And the problem with that is that nobody on either side will work toward clarifying the nature of belief and faith; nor the nature of scientific evidence and what can be proven and what cannot be.

What is "bad" about this kind of religion and this kind of science is that no one seems willing to acknowledge that both approaches seek the same end: understanding of the world, our existence as humans, and human moral imperatives.

Articles with titles like "God is on the ropes" may certainly win readers, but they don't really have anything (except vaguely derogatory generalities) to say about God or the people who believe in God.

Talk about setting up a straw man so you can set fire to him! The problem with this approach is, of course, the stench of the ashes that remain, when believers and non-believers alike walk away from the flames that had transfixed them, and attempt to look at the real issues. In the case of this article, the stinking ashes come about three-quarters of the way through, when the author admits that the theory he has been lighting up the sky with is still just a theory and has not been proven (and does not address the issue of whether this theory can be substantiated).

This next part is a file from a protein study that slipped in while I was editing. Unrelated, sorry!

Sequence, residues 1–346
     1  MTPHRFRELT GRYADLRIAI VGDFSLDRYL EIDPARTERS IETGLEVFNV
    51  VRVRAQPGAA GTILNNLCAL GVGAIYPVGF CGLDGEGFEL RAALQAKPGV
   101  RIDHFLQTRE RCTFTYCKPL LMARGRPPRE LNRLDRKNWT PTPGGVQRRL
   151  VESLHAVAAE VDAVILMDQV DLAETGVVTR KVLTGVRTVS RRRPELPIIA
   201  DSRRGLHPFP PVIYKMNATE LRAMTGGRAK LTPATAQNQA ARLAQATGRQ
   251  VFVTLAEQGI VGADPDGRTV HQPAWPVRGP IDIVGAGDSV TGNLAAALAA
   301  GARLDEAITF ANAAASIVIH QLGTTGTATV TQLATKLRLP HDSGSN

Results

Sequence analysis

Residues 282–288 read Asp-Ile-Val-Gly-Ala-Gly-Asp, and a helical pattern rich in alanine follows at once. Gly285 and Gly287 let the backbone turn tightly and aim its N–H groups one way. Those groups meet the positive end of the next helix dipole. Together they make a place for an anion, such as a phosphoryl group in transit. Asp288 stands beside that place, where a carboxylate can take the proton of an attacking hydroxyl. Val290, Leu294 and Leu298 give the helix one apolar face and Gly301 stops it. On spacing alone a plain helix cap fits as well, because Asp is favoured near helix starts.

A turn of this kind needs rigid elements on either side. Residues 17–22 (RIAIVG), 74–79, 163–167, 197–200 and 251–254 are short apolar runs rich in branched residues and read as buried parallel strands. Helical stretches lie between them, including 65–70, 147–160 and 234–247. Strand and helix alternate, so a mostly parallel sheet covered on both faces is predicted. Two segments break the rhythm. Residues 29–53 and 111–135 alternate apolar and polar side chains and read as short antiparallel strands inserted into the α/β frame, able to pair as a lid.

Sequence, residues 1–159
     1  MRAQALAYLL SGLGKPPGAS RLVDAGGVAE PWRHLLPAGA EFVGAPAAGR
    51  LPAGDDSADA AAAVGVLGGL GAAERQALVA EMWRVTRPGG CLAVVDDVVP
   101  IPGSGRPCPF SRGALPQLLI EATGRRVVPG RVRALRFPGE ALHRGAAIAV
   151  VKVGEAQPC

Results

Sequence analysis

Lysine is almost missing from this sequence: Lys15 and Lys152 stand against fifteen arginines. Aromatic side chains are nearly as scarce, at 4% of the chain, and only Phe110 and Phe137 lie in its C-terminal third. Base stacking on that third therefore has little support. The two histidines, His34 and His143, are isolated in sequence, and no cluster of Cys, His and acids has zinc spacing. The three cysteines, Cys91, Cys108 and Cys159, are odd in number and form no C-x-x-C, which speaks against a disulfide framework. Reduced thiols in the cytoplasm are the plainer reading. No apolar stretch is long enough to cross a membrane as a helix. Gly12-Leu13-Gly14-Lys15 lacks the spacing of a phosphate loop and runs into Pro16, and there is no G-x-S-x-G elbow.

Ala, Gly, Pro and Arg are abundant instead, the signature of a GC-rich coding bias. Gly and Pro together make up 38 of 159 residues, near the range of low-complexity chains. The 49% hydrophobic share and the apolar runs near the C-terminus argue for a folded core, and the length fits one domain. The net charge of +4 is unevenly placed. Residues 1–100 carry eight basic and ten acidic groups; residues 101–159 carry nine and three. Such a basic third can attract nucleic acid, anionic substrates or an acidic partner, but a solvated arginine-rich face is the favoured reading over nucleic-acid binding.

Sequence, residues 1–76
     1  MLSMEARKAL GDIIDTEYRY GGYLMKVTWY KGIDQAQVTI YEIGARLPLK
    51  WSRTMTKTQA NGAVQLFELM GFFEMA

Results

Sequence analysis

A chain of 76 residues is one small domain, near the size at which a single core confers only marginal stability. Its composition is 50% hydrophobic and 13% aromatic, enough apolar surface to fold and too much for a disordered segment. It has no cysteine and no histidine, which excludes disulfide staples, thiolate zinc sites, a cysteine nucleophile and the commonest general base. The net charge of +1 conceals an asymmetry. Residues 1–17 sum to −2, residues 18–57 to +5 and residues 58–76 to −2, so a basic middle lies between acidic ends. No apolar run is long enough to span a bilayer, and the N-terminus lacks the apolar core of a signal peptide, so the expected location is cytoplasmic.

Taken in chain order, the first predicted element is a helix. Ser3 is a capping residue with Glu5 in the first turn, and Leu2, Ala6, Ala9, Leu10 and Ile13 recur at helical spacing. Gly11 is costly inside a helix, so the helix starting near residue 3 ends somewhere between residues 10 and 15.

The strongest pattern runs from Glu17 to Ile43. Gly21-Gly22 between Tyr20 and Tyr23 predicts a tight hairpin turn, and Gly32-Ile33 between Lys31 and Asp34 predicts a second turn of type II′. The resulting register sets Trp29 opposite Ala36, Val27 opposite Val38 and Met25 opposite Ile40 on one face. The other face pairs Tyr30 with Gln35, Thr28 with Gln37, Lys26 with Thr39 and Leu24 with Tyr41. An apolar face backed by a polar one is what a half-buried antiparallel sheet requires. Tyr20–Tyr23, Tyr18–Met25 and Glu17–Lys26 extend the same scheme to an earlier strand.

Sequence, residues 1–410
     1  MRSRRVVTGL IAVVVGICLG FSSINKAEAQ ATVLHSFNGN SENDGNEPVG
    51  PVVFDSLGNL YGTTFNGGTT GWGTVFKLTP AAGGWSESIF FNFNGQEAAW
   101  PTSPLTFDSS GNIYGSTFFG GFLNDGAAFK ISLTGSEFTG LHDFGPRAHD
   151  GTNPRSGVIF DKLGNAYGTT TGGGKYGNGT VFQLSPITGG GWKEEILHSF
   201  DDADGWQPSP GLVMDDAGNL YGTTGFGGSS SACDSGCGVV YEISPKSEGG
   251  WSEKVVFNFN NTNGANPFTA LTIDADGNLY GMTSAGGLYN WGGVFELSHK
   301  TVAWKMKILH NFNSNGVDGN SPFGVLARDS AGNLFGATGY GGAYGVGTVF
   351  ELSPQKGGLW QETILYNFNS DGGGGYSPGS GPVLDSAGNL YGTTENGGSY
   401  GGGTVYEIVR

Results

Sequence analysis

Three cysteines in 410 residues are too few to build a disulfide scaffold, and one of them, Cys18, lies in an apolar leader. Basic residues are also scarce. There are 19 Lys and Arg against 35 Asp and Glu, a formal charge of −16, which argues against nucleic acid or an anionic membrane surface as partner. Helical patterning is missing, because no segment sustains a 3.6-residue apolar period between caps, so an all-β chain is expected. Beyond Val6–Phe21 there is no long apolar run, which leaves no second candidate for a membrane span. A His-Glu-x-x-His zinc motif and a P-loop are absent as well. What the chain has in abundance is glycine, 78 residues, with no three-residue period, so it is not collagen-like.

And the concluding paragraph is stunning in its arrogant hypocrisy and self-satisfied back-patting. No wonder creationists have sometimes "paint[ed] scientists as arrogant..." Here it is:

"Creationists often cast themselves as humble servants of God, and paint scientists as arrogant, know-it-all rebels against him. But, unsurprisingly, they’ve got it all backwards, once again. England’s work reminds us that it’s scientists’ willingness to admit our own ignorance and confront it head on — rather than papering over it — that unlocks the great storehouse of wonders we live in and gives us our most challenging, satisfying quests."